Samsung's own trial brief argues that it's perfectly normal for competitors to conduct "benchmarking" of their products against those of their rivals in order to identify areas in which they need to improve. Samsung says Apple is no exception. While that makes sense, it won't necessarily persuade your average juror as much as it would an industry expert. Someone who is unconvinced of the "benchmarking" theory would probably want to see the emails that were exchanged internally. But the judge will tell the jury that some of this evidence was destroyed.

In a quantitative sense, this case doesn't suffer from a shortage of evidentiary material. Approximately 38.4 million pages (!) form the evidentiary record in this case. But some of the potentially most enlightening material got lost because Samsung, in the court's opinion, failed to do what it had to do.

This trial is going to be a tough fight. We're not going to see two business partners handling each other with kid gloves (though they still do a lot of business on the component side). Whether Wall Street is right or not to be somewhat disappointed with the numbers Apple announced yesterday, there can be no doubt that Apple would have sold more iPhones last quarter, despite all of the anticipation of the iPhone 5, if Samsung had not sold that many Galaxy phones. And in the current quarter, the wildly popular S III is going to give Apple a hard time. Also, Samsung continues to run advertisements that make fun of Apple in ways that won't always seem funny to the decision-makers in Cupertino.

Losing is not an option for Apple in this dispute. And in this overall situation, an adverse inference jury instruction makes things even harder for Samsung.

In my opinion, Judge Grewal's order gives Samsung the benefit of the doubt in some respects in which other judges might have seen evidence of recklessness and ordered even tougher sanctions. The order starts with an explanation of how Samsung already had a problem with discovery rules governing U.S. lawsuits when it defended itself against a patent assertion entity named Mosaid seven years ago. At that time, Samsung was already told that the automatic deletion of emails on its corporate server after two weeks, which Samsung argues is necessary because of Korean privacy rules, is inconsistent with retention obligations under U.S. law. Samsung employees are free to use Microsoft Outlook, and it appears that Outlook is the email client Samsung's employees based outside of Korea use primarily. But Samsung's most senior leaders are based in Korea and use "mySingle", which was developed internally by some entity within the Samsung group. Even with that one, employees could always make local copies of emails, and Samsung did make many employees aware of the possibility of litigation with Apple, but it didn't really follow through to ensure that emails were retained. As a result, those Samsung employees who use Outlook made far larger number of emails available to discovery than those using mySingle.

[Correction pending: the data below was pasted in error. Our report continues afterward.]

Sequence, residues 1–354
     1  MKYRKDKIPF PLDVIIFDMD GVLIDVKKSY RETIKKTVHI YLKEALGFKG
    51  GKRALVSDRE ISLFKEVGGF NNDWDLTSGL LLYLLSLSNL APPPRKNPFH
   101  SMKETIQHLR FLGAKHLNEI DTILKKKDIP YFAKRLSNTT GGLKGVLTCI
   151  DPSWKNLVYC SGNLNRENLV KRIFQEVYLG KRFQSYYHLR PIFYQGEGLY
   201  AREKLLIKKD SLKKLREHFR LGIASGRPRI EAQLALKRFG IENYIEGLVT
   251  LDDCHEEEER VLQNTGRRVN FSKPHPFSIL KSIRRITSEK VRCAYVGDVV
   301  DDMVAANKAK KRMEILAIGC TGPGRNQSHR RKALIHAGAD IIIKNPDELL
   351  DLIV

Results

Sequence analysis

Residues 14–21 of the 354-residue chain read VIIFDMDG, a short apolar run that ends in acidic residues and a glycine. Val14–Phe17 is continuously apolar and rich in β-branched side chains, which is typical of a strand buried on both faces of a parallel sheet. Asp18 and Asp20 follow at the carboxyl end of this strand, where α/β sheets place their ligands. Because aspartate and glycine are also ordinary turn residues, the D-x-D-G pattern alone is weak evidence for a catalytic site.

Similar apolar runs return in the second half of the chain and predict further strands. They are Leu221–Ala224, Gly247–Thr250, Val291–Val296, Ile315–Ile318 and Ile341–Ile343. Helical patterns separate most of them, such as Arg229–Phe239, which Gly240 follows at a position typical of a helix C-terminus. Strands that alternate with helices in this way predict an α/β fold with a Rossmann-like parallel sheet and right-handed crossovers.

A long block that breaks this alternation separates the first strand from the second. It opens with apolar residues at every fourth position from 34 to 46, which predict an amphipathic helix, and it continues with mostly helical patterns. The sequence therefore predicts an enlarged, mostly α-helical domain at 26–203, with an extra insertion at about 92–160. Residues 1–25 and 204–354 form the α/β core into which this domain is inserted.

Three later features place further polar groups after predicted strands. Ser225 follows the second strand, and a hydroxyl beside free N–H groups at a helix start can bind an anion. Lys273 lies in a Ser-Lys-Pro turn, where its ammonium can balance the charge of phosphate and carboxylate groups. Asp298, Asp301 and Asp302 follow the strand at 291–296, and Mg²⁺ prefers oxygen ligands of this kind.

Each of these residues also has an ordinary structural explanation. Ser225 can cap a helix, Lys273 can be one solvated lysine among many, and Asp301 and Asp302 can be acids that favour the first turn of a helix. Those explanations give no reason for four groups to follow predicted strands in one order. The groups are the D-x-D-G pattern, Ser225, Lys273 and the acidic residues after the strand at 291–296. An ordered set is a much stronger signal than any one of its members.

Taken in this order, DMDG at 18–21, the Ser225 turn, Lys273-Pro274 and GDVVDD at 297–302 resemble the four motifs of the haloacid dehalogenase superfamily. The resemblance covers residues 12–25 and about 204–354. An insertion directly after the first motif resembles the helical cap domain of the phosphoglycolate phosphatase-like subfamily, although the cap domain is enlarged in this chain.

Samsung apparently complied with all those rules after litigation started. But the legal standard is that litigation must be "reasonably foreseeble". An August 2010 meeting in Korea, attended by Steve Jobs and Tim Cook on Apple's side, was all about Samsung's alleged "infringement" of Apple's rights, but "Samsung euphemistically refers to Apple's infringement presentation as a 'licensing discussion.'" And when Samsung made many employees aware of a potential dispute with Apple, it also noted that litigation would only happen "unless a business resolution can be reached", a possibility that always exists in theory and can't serve as an excuse for non-compliance.

Apple has already won some other useful pre-trial decisions. While Samsung also won monetary sanctions against Apple in a couple of instances, those won't affect the parties' chances at the upcoming trial. But an adverse inference jury instruction can tilt the scales in Apple's favor in such contexts as willfulness. Should Samsung be found to have infringed willfully, some components of Apple's $2.525 billion damages claim could be tripled. A finding of willfulness would also increase the likelihood of injunctive relief.

If you'd like to be updated on the smartphone patent disputes and other intellectual property matters I cover, please subscribe to my RSS feed (in the right-hand column) and/or follow me on Twitter @FOSSpatents and Google+.

Share with other professionals via LinkedIn: